[VOTE] Tool Palette dissapear randomly Report #8500
J. Landman Gay
jacque at hyperactivesw.com
Fri Dec 18 14:07:57 EST 2009
Bernard Devlin wrote:
> But from what you're saying it seems to me
> that the voting system is being re-purposed.
Not exactly. I was basing it on a discussion I had with Mark Waddingham,
who bemoaned the fact that votes don't give him much indication of what
to work on next. The voting system hasn't really changed, but people
haven't been using it as intended. This makes it hard for the engineers
to triage the bug fixes. They can't fix everything immediately, so they
use several different ways to determine what to prioritize. One of those
things (but not the only thing) is how many people are actually affected
by an issue. Crashes always get top priority, but after that they need
to figure out how widespread the impact of a bug is. Votes were intended
to give them some indication of that.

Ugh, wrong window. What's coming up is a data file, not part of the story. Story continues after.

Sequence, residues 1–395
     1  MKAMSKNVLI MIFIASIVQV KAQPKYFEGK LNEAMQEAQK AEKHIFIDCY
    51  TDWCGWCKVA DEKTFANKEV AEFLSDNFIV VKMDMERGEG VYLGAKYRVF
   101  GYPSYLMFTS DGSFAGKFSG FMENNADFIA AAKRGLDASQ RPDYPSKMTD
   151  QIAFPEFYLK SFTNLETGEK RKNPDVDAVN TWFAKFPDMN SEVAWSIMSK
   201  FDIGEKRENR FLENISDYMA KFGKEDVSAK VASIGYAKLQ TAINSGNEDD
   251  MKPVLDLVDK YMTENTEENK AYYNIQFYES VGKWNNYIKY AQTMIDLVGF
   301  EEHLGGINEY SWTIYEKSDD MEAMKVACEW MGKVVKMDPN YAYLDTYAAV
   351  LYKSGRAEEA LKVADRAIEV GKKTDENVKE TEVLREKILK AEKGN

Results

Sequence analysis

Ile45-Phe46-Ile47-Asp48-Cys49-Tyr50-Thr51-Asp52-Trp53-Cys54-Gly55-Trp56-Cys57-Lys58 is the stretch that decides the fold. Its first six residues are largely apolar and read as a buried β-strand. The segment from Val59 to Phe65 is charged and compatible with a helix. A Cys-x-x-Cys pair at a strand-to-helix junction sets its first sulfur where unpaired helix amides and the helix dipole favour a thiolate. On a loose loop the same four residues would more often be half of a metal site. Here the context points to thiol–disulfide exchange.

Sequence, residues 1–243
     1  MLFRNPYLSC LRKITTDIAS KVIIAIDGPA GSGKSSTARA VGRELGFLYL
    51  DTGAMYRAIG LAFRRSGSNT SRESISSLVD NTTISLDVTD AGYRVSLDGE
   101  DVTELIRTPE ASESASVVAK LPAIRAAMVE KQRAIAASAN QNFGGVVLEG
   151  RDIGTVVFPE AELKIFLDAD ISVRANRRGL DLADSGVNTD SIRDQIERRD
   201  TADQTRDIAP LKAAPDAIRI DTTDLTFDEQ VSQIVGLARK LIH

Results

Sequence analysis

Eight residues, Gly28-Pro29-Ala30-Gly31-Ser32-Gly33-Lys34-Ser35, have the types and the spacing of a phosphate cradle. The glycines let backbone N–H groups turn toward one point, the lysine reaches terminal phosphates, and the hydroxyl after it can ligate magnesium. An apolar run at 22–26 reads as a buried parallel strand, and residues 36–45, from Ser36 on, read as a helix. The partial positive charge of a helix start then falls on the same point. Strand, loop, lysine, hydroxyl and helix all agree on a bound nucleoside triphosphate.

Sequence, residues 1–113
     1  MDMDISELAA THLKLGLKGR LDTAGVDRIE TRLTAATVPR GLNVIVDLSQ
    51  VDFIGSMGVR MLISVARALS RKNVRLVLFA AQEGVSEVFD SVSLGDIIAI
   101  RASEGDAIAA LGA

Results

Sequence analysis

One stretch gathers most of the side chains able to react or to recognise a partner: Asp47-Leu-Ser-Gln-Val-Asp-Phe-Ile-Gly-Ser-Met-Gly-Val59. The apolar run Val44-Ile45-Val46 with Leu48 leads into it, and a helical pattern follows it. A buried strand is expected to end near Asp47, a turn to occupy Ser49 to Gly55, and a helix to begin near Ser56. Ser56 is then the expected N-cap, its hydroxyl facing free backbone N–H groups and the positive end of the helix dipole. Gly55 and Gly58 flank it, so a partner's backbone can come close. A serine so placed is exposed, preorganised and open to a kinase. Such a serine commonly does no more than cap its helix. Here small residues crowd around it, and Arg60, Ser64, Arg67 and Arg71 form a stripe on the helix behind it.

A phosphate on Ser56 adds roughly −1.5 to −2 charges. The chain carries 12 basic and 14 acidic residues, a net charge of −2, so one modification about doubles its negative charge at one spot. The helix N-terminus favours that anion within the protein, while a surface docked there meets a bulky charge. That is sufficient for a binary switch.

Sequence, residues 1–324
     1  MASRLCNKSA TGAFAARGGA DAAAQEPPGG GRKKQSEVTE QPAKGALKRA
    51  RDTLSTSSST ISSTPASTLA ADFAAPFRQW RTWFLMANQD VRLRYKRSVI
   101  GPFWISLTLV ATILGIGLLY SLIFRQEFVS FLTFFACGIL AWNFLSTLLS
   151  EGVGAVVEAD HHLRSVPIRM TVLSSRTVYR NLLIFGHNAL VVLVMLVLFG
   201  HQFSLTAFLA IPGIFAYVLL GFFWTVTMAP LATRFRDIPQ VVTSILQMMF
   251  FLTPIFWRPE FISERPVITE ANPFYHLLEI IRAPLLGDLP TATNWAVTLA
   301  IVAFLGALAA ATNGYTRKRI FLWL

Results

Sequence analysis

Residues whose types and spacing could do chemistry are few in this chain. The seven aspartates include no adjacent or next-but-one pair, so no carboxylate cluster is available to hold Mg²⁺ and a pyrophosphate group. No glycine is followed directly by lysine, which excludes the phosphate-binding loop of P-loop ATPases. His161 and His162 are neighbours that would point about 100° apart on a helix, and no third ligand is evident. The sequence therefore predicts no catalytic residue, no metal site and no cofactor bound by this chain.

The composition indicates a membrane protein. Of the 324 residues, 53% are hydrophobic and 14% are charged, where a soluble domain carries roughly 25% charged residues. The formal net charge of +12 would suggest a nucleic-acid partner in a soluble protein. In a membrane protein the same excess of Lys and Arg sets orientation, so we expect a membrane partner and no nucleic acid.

Feature requests are probably a little different. Votes on those show
how many people would like and use the proposed new feature. But even
so, the team would prefer that you vote on feature requests only if
you're pretty sure it would make a difference in the type of work you
do. I'm guessing that there's more flexibility here; we don't always
know what a future project may need. But if your work is mostly with
databases, for example, and a feature request involves, say, animation,
maybe you shouldn't necesarily vote on that one regardless of how good a
feature it might be.
Basically what he was saying was that if the voting system doesn't
reflect the user experience, the votes don't give them much to go on.
He's also concerned that people might vote because someone asks them to,
which skews the count even more. A list member may be able to gather a
number of votes for a pet bug, all from people who were never affected
by it, but who want to support a friend.
Jacqueline Landman Gay | jacque at hyperactivesw.com
HyperActive Software | http://www.hyperactivesw.com
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